The New England Journal of Medicine published the following: …The viral load that was detected in the asymptomatic patient was similar to that in the symptomatic patients, which suggests the transmission potential of asymptomatic or minimally symptomatic patients. These findings are in concordance with reports that transmission may occur early in the course of infection5 and suggest that case detection and isolation may require strategies different from those required for the control of SARS-CoV.
Jama reports – A novel coronavirus has resulted in an ongoing outbreak of viral pneumonia in China.1–3 Person-to-person transmission has been demonstrated,1 but, to our knowledge, transmission of the novel coronavirus that causes coronavirus disease 2019 (COVID-19) from an asymptomatic carrier with normal chest computed tomography (CT) findings has not been reported.
BUT- There is something here still! You can carry the virus and be “Asymptomatic”
5The virus is severe and has a BIAS (Men vs. Women)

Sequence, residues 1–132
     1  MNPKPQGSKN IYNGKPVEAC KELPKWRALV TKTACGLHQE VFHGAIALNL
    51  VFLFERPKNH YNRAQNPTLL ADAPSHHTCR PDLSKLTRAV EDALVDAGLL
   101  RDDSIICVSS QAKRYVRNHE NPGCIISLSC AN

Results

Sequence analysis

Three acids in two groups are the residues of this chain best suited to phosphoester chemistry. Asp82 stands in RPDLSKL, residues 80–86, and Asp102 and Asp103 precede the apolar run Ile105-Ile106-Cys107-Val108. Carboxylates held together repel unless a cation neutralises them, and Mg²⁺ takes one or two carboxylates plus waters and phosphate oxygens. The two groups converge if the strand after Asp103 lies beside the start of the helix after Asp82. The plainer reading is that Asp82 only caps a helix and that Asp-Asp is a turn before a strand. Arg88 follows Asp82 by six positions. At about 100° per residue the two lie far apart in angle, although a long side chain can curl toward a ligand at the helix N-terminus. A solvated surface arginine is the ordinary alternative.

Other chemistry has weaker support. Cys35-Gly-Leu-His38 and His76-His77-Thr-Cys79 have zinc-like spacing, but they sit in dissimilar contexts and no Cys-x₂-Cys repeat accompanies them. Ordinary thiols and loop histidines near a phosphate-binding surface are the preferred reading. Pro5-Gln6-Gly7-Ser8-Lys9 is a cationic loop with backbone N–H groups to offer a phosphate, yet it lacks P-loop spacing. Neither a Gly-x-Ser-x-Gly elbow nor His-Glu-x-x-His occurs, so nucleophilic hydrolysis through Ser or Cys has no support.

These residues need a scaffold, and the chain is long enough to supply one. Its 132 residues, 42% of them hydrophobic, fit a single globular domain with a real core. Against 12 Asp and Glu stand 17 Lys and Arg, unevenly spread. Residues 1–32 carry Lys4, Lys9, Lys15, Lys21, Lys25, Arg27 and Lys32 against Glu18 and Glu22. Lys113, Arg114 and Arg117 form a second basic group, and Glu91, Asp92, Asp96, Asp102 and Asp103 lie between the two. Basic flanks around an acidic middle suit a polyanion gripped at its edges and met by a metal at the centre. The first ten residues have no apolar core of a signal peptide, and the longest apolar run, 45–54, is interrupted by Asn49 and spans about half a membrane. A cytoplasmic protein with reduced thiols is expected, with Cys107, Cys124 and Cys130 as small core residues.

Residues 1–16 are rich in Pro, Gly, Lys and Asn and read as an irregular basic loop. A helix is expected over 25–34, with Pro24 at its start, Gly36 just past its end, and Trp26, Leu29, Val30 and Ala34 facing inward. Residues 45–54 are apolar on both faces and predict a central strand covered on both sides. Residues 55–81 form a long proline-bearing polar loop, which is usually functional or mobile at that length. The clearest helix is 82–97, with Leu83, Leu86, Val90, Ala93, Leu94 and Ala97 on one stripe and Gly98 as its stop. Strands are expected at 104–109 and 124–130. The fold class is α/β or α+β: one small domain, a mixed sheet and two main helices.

Source: The Scientist
Fourteen percent of confirmed cases have been “severe,” involving serious pneumonia and shortness of breath. Another 5 percent of patients confirmed to have the disease developed respiratory failure, septic shock, and/or multi-organ failure—what the agency calls “critical cases” potentially resulting in death. Roughly 2.3 percent of confirmed cases did result in death.
Scientists are working to understand why some people suffer more from the virus than others. It is also unclear why the new coronavirus—like its cousins SARS and MERS—appears to be more deadly than other coronaviruses that regularly circulate among people each winter and typically cause cold symptoms.
An intriguing finding in the new data released last week is that although similar numbers of men and women have contracted SARS-CoV-2, more men are dying from the disease. The death rate for males was 2.8 percent and 1.7 percent for women.
The difference could have something to do with the fact that the gene for the ACE-2 receptor, which is used by both SARS-CoV-2 and the SARS virus to enter host cells, is found on the X chromosome, she speculates. If it’s a particular variant of the protein that makes people more susceptible to the virus, then females could compensate for that one bad variant because they’d have two copies of the X chromosome, whereas men would be stuck with only one copy.